Along side an Onkyo TX-NR656 AV receiver configured for 7.2 surround sound, and Samsung UN65KS8000, this system powers my Linux-based home entertainment centre.
I made the long time coming switch to Linux once I discovered ElementaryOS and have only ever been nagged by the feeling of not being able to play the very few games like Tomb Raider, Nier Automata, Watch Dogs, and other beautifully designed games that were not ported to Linux. In fact, aside from these games, I only buy games that are compatible with Linux and so all my computers (2006 intel-based Mac Pro work station, HP Envy 17 3090nr, home server) all run either ElementaryOS or Linux Deepin. Other than these few games, I did not miss Windows and as soon as I found out how to set up GPU Passthrough on ubuntu and Debian based Linux distributions! I knew I had to build this machine.
The second graphics card is not a gtx 980-ti but an R9-390 Gigabyte (The pcpartspicker parts list does not allow you to combine different graphics cards in a list). Since the R9-390 has more RAM than the gtx 980ti, Nvidia proprietary drivers from the Linux or ubuntu PPA community are more reliable or easily installed, and Steam on Linux plays better with Nvdia GPUs for games such as Deus-Ex, I decided to Power the Windows 10 KVM VM with the R9-390.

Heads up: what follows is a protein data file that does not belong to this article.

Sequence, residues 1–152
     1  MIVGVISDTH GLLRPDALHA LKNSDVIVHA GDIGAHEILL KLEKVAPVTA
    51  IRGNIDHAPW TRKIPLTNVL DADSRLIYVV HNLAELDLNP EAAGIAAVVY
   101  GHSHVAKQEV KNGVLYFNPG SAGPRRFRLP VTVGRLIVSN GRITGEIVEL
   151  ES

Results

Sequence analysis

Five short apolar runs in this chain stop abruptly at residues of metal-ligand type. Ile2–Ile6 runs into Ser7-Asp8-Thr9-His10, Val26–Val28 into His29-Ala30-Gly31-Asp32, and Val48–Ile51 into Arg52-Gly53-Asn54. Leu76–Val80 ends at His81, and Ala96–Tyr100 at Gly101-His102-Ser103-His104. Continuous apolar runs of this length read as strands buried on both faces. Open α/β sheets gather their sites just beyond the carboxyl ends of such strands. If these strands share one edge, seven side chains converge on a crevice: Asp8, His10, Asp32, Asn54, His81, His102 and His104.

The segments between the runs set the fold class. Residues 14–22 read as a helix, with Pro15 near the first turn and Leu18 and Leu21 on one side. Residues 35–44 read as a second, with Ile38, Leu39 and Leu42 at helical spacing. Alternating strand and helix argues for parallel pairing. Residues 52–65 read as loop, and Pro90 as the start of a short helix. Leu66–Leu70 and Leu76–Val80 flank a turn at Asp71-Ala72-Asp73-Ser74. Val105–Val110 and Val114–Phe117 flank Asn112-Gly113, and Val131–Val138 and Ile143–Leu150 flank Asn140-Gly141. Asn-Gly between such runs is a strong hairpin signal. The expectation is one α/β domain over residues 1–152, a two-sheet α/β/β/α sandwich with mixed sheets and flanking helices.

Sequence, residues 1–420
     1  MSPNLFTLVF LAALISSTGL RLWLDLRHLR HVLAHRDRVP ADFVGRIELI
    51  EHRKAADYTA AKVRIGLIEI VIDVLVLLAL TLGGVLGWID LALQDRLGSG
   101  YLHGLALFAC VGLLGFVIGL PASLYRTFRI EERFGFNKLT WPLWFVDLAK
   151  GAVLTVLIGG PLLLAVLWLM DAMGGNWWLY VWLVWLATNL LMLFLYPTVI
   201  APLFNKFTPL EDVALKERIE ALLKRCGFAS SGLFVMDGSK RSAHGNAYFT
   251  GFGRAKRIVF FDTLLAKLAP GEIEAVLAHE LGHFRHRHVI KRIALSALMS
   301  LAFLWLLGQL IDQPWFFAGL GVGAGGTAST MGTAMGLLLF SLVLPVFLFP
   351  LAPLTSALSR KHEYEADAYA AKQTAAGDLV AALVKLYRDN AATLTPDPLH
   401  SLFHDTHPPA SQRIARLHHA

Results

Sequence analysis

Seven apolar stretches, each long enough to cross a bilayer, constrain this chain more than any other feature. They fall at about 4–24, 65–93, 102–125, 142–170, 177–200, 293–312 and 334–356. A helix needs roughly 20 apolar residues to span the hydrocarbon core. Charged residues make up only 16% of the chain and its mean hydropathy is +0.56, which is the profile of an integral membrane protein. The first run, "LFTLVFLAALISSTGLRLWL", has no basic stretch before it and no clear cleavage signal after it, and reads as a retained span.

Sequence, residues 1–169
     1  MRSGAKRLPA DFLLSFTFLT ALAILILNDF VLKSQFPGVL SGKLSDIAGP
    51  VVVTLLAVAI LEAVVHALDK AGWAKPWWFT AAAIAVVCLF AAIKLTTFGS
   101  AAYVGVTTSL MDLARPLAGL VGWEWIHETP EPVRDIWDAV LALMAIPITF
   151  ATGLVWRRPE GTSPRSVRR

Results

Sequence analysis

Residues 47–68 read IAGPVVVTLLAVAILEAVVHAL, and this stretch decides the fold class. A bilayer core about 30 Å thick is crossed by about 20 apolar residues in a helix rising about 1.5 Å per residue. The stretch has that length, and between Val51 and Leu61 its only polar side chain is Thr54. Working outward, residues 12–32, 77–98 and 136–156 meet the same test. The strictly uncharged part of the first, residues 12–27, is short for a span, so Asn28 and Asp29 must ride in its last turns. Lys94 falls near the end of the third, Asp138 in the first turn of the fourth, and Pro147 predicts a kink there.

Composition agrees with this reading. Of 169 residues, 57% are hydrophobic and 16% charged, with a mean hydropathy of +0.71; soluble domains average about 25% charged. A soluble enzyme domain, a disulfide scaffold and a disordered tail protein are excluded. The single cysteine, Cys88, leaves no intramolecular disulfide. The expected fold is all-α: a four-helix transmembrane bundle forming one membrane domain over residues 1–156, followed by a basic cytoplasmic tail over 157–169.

The audio pass-through is a bit wonky and I couldn't get video out connecting both the GTX 980ti and AMD R9 390 into the AV receiver, so I had to plug the AMD R9 390 directly into the TV. However like I said the audio is wonky so even though I change the video source to point to the TV the audio for both the Linux host the Windows VM is coming through the GTX 980ti HDMI port which is plugged into the AV receiver. This is actually a positive though, because I still get full 7.2 surround sound of the AV receiver in the VM even though the R9 390 card powering it is plugged into the TV and not the receiver.
I got the Apple Magic Mouse and Magic Keyboard to control ElementaryOS via Bluetooth when the VM is running in the background (say for instance if I want to step away from the VM to say Skype on Linux) since I pretty much pass all USB devices, except the Steam controller and Webcam, to the VM. Being part of a living room entertainment centre, I also wanted as few wires as possible and no getting up to flip over a KVM switch. The USB and Bluetooth combination works perfectly for this.